Fact concept is an abstract model that defines the fundamentals of knowledge in a specific context. Facts describe what business people know about their business. A Fact has certain characteristics: structure, relationships and constraints. The Fact Concept visually describes these characteristics. When Fact Concept is modeled, it defines:
- The context of a business domain
- Bases of business glossary (terms) and associated expressions
- Constraints about Facts, structurally and semantically
- Relationships of the Facts within a business context
Relationships enable navigation between Facts. This navigability allows the traversing of facts from one to another.
- Fact: A fact is a logical grouping of data and/or information that represents a concept. For example, a Person has a Name and Family can be modeled as a Fact named Person which two members of Name and Family which each can have string values.
- Option: A list of valid pre-defined values for a member of a Fact.
The table below illustrates all of the elements in a Fact Concept model:
In Fact Concept, a Fact is illustrated by a rectangle. The Fact must have a name and some Members. Each Member of a Fact is listed inside the rectangle. Constraints are denoted by a yellow lock behind the Member's name. A Relationship is illustrated with a solid line, starting with a diamond and connecting two Facts (i.e., rectangles).
Each Fact's member can define constraints. These are the value constraints a member of a Fact may have to ensure the Fact is sensible. For example:
- Should a Fact always have a specific member name (i.e., an Order must always have an Order Number to be considered a valid order)?
- Can the value of the member be anything or should the member value have a specific type (e.g., string, int, decimal, etc.)?
- Can the value become null or empty (e.g., A Person (fact) has a Surname for which the Surname cannot be null or empty in the real world)?
These are just examples of what the constraints of a Fact's member is capable of doing.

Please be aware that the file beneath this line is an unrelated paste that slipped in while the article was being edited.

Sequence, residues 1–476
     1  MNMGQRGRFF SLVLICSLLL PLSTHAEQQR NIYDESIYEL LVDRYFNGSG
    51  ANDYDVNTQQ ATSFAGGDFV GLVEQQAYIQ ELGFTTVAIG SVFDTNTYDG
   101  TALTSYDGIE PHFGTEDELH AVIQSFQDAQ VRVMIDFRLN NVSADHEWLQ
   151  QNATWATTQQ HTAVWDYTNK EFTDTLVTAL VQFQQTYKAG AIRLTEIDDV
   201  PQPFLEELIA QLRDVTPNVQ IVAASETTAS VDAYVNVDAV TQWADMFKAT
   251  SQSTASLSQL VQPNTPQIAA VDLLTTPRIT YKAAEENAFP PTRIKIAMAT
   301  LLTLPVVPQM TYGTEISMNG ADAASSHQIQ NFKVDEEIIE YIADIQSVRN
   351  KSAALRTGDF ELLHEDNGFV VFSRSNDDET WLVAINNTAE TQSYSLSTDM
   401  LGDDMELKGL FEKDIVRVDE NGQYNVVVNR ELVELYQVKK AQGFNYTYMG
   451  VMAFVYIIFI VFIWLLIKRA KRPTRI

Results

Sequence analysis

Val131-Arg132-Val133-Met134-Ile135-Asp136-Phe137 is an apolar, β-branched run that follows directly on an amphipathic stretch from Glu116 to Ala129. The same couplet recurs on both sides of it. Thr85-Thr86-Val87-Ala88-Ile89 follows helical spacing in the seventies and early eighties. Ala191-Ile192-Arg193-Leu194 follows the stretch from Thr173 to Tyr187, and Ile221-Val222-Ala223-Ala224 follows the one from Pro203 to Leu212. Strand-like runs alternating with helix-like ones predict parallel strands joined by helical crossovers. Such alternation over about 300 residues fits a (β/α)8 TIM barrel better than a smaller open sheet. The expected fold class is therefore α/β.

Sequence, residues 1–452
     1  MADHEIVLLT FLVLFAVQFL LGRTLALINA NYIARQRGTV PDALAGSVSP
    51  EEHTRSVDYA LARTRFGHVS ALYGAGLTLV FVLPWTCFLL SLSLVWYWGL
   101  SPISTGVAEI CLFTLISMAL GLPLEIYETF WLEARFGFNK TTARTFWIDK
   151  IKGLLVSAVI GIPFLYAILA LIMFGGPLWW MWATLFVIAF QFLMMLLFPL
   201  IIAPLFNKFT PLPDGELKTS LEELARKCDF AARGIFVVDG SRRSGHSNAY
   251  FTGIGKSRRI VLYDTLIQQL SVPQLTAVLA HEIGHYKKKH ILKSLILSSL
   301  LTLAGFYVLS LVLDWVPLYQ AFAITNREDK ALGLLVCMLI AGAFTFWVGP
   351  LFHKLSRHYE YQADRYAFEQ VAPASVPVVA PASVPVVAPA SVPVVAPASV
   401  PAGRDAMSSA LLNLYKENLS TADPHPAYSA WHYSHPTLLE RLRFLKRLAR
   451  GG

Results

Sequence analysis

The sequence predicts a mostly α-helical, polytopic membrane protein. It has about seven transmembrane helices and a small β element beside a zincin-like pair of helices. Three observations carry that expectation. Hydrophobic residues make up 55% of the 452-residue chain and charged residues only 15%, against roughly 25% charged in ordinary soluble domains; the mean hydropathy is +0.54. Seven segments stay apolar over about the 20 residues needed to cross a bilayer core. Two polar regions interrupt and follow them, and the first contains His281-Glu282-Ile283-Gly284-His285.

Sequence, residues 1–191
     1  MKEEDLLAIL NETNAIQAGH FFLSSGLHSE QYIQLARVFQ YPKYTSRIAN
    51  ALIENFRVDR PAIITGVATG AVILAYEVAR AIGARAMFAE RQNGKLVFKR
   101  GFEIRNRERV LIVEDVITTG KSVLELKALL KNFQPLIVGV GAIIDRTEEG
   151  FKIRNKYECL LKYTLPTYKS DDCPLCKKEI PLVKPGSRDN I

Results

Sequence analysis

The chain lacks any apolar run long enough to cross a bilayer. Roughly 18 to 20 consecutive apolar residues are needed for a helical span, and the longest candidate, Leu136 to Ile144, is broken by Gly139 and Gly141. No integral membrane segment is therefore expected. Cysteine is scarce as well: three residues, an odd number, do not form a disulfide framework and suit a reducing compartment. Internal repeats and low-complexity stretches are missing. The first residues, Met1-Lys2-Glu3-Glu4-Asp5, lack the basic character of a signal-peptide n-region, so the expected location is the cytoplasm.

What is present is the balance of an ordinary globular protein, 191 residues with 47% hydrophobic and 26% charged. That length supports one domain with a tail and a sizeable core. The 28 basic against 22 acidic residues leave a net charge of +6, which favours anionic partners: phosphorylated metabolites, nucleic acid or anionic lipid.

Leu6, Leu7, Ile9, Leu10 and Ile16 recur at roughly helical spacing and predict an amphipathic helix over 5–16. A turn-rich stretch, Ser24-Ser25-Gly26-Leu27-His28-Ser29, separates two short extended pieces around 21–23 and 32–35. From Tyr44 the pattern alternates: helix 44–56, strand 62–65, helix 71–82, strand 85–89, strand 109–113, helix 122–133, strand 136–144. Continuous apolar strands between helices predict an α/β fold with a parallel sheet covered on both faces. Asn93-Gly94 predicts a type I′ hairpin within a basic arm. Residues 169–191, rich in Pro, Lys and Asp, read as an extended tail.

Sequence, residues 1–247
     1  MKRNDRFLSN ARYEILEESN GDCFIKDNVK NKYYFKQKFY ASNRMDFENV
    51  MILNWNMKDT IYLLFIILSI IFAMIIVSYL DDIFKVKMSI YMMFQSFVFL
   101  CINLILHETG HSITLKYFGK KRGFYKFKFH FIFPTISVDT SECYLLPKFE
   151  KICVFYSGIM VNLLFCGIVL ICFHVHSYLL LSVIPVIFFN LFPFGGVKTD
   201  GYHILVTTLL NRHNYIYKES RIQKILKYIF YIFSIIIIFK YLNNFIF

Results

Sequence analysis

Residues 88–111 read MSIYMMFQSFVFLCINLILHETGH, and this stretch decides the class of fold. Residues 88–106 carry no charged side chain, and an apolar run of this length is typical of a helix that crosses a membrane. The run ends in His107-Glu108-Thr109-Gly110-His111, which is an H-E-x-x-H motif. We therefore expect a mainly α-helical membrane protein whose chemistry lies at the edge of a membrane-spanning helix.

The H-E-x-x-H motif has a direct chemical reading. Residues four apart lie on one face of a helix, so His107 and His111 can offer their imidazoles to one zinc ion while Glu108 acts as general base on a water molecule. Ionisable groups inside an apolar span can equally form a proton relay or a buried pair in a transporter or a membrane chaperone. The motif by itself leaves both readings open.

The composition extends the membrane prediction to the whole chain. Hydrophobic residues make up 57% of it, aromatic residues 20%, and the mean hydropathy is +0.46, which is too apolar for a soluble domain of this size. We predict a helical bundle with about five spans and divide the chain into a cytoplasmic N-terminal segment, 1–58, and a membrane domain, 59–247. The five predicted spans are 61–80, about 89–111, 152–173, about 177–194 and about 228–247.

Constraints can individually validate values of a member (e.g., Age of a Person), or these can validate the value in comparison with some other member's value (e.g., On a Flight (Fact), the Departure cannot be prior to the Arrival time).
In the Fact Concept, there are some standard constraints which do not require any expression to be written in order to enforce these constraints:
- Field is Required: Ensures a member existence for the Fact
- Not Null or Empty: Ensures the value of the member cannot be null or empty
- RegEx Pattern: Ensures the value of a member follows a specific pattern (e.g., email address)
- Type of Value: Ensures the value of a member is in a specific type (i.e., string, int, decimal, etc.). When the Type is 'Other', it propagates the check on the referenced Fact automatically.
- Minimum: Ensures the value of a member has a minimum (e.g., Age cannot be less than zero), or the Name of a person cannot have less than one character in length.
- Maximum: Similar to Minimum, but checks the upper boundary of the value.
Also you can use a Custom constraint and validate the value against any expression that is required.
Modeling the Fact Concept simplifies a couple of scenarios:
- Validating data (value and structure), based on defined constraints and relations of facts
- Writing expressions across different models (i.e., Decision Table, Flow, etc.), as well as a Glossary of Terms
- Defining input/testing data in a context